germany refugees
A boy plays with a German flag at a makeshift camp at the Greek-Macedonian border near the village of Idomeni, March 5, 2016. AFP/Getty Images

The German Ministry of the Interior released the figures for asylum-seeker arrivals in the month of February, showing a drop in number by nearly a third, the Local reported. The nation has been a top destination for refugees, and news of the dip came as German Chancellor Angela Merkel and other European leaders neared a migration deal with Turkey over refugee resettlement while an ongoing crisis at the Greek-Macedonian border continued.

The northern European nation saw some 61,428 asylum-seekers in February, plunging by a third from January. Germany received more than 1.1 million asylum-seekers in 2015, making it the top destination for refugees in Europe. The nation's strong economy, coupled with Merkel's outspoken welcome of refugees, drew a large number of applicants.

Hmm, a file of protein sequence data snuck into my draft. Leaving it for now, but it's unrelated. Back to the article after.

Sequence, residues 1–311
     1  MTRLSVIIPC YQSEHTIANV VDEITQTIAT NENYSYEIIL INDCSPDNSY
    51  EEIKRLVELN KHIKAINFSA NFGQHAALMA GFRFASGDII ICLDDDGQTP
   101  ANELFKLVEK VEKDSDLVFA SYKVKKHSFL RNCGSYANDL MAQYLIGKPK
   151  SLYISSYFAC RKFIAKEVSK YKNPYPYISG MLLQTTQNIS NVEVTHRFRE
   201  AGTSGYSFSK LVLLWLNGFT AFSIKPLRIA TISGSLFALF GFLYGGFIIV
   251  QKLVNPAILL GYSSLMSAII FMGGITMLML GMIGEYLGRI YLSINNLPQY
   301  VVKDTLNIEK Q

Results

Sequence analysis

Refugees, the vast majority of whom are fleeing violent conflict in the Middle East and in Syria in particular, arrive in Europe by way of Greece. They take smugglers' boats from Turkey because of its close proximity to Iraq and Syria, where many people are looking to escape civil war and the threat of the terror organization known as the Islamic State group.

Asylum-Seekers from Syria by Country in 2015 | FindTheData

Greece has served as a transit point for refugees throughout 2015 and into 2016 as they seek asylum in Northern Europe. They have been taking the so-called Balkans route through Macedonia and up toward Serbia and Croatia toward Austria and Germany or other destinations in the European Union.

European Union leaders have asked Turkey to crack down on smuggling to prevent refugees from landing in Greece, and the EU neared a deal Tuesday that would include Turkey taking back a number of asylum-seekers in exchange for an accelerated application to the EU.

Closures throughout the Balkan countries, including between Macedonia and Greece most notably, have caused a bottleneck of people stranded along the northern border of Greece, and may be contributing to the plunge in arrivals to Germany. A back-up of people has also occurred in other parts of Europe along the West Balkan routes, as nations such as Austria and Hungary, which are part of the Schengen freedom of movement agreement, have increasingly closed their doors to refugees.